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Western Press Review: Madeleine Albright's First Official Visit To Middle East

  • Joel Blocker



Prague, 9 September 1997 (RFE/RL) - Seven months after taking office, U.S. Secretary of State Madeleine Albright today undertakes her first official trip to the Middle East. She is going first to Israel and on Thursday is scheduled to meet with Palestinian Authority President Yasser Arafat in the West Bank city of Jericho.

Later, Albright is also due to visit Syria, Jordan, Egypt and Saudi Arabia on a swing that the Clinton Administration hopes will restore some momentum to the stalled Middle East peace process. Commentary in the U.S. press, however, largely rates the Secretary's chances of doing so as low.

NEW YORK TIMES: Madeleine Albright will need all her vaunted bluntness and determination to keep instability at bay.

The paper says that "Albright could hardly have found a dicier (that is, more difficult) time to make her visit to the Middle East." In an editorial, the paper writes: "Not only has the peace effort between Israel and the Palestinians all but collapsed, but regional powers like Saudi Arabia and Iran are asserting themselves in ways that may undermine America's leadership in the area. As Albright works her way through the region this week, she will need all her vaunted bluntness and determination to keep instability at bay. Washington's role in the Middle East has not been as problematic since before the Persian Gulf War in 1991."

The Times continues: "A resumption of peace talks (between Israelis and Palestinians) would help Albright hold together the American-led (Gulf-War) coalition.....Albright cannot untangle (all the Mid-East) problems in one visit. But if she fails to budge anyone, the decline of the peace effort and erosion on American leadership in the Middle East could quickly get worse."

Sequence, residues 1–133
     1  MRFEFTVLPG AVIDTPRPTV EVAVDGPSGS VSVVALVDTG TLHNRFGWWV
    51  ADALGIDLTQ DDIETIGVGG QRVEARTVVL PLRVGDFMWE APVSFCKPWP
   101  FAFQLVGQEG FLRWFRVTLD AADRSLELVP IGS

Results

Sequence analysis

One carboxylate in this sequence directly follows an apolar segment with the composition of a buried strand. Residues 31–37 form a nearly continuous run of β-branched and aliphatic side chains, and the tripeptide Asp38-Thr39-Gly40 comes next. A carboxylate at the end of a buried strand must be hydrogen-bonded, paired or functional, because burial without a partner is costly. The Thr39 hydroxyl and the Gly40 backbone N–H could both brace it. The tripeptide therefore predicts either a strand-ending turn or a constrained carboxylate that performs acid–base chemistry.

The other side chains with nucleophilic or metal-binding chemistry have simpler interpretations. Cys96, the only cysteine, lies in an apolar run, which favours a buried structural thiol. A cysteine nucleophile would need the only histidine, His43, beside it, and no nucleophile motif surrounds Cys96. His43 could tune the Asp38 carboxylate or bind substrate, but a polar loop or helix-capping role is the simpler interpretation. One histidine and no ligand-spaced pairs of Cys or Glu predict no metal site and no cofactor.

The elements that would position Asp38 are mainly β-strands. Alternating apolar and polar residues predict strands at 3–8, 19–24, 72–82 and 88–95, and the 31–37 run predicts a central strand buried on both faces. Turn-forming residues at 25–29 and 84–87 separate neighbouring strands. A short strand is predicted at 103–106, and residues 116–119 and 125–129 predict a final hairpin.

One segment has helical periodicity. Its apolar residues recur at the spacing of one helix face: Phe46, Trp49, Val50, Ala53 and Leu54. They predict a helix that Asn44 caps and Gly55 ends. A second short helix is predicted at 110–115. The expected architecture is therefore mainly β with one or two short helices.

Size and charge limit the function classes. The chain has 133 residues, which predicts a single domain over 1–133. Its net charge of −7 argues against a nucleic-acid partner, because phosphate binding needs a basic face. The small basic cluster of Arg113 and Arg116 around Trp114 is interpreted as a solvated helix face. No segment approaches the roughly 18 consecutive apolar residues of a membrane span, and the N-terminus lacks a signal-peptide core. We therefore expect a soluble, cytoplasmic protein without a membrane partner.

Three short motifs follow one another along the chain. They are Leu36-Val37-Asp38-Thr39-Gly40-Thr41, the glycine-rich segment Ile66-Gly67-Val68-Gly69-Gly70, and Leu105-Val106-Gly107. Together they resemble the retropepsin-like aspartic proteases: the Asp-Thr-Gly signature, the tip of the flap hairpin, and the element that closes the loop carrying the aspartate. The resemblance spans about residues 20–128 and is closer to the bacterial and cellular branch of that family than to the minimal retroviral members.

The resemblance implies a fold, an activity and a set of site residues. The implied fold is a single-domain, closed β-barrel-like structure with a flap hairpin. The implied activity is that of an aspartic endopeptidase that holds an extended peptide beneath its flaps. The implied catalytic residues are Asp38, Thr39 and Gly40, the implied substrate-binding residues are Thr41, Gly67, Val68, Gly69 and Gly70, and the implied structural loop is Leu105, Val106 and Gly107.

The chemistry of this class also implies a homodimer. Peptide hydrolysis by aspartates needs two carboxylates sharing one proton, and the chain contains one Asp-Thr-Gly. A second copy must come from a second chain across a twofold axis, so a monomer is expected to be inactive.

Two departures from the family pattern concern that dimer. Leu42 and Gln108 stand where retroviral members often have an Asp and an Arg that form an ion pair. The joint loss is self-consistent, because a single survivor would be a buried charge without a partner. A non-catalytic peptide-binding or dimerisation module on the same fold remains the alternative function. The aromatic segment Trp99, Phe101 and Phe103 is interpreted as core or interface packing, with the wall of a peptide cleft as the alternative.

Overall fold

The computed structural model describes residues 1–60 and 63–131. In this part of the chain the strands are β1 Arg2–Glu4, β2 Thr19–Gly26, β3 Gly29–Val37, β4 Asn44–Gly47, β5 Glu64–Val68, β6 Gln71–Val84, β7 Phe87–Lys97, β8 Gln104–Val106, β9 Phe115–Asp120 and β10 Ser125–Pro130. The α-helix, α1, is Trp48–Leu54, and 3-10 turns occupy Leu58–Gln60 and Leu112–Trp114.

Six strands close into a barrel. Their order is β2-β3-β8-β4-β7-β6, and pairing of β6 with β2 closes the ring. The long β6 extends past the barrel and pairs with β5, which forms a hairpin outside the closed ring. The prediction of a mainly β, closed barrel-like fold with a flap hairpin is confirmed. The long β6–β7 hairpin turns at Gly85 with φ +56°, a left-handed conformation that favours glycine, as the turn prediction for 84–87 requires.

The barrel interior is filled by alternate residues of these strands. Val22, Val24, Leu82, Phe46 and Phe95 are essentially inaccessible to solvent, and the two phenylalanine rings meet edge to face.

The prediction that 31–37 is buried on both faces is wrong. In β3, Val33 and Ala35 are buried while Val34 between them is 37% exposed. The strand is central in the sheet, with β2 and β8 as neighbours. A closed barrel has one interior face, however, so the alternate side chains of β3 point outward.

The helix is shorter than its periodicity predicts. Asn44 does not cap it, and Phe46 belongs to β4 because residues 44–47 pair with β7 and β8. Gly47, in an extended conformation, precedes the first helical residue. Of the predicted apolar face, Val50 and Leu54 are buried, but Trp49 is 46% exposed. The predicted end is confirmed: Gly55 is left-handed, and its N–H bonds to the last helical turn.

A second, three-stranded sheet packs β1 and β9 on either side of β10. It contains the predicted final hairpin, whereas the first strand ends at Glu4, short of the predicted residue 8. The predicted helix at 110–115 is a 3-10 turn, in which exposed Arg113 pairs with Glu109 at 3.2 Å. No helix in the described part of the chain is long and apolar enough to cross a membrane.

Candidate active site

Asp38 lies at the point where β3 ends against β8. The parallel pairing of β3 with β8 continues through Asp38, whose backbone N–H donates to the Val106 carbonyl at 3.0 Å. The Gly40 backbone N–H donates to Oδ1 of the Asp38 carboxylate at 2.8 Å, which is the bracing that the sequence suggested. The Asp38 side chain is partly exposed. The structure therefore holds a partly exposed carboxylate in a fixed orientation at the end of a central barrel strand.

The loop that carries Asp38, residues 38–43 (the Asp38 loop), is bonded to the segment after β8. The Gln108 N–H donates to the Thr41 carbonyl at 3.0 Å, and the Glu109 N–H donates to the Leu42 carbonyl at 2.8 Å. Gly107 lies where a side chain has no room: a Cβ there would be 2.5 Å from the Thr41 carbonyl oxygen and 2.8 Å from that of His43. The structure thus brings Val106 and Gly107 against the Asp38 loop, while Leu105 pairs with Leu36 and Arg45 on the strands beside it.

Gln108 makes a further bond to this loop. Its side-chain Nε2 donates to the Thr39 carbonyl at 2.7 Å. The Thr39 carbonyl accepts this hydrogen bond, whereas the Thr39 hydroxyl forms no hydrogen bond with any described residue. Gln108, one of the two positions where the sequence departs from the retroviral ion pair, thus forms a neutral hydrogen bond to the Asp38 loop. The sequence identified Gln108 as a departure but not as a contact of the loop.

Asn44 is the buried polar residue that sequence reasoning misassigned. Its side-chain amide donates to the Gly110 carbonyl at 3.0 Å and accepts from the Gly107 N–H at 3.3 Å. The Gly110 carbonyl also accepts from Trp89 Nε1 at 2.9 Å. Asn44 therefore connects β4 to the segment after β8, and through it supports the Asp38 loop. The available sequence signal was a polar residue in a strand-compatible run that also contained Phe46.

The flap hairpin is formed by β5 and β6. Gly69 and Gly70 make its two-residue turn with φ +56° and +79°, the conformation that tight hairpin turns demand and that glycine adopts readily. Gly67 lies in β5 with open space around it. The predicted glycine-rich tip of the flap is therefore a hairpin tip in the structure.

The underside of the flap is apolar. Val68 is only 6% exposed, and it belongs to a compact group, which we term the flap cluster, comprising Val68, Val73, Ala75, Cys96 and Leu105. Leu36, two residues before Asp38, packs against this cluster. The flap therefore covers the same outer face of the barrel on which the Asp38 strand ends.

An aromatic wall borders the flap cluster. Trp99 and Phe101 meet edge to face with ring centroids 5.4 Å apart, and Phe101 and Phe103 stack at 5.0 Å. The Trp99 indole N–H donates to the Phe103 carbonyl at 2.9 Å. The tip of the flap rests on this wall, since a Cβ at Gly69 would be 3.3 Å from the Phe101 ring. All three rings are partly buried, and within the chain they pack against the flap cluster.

THE LOS ANGELES TIMES: Israeli peace agreements hang by a thread

Marjorie Miller in her report from Jerusalem says that "the Arab-Israeli peace process is at a nadir and few here expect (Albright's) visit to do any good." Marjorie Miller analyses: "Israeli peace agreements hang by a thread, Israel's war with Hezbollah guerrillas in Lebanon is intensifying and political observers see little chance for major advances between Israel and Syria." She continues: "Although...Arafat initiated a round-up of Islamic extremists on Monday, arresting about 30 suspected members of violent groups ahead of Albright's visit, U.S. officials said that the first item on her agenda is still to press him for greater security cooperation following two multiple suicide bombings in Jerusalem that have killed 20 Israelis since July 30. (Albright will) deliver the message that he must clamp down on the violent groups if he is to count on any more U.S. aid and support."

BOSTON GLOBE: It would be difficult to overstate the level of disgust and distrust that both sides feel

Jerusalem correspondents, Charles Sennett and David Marcus, take a similar view today, writing that Albright arrives in Israel "with tensions running high and expectations for success in reviving the peace process running low." In their analysis, the two write: "It would be difficult to overstate the level of disgust and distrust that both sides feel, and that Albright will have to confront, in the wake of last Thursday's triple suicide bombing in Jerusalem....Only 10 hours after the bombing, Israel suffered its most costly battle in 12 years of occupation of a 'buffer zone' inside Lebanon when a dozen commandos were killed in an ambush. Ratcheting up the tense mood, the armed wing of the militant group Hamas, which claimed responsibility for (the) bombings, has vowed more attacks."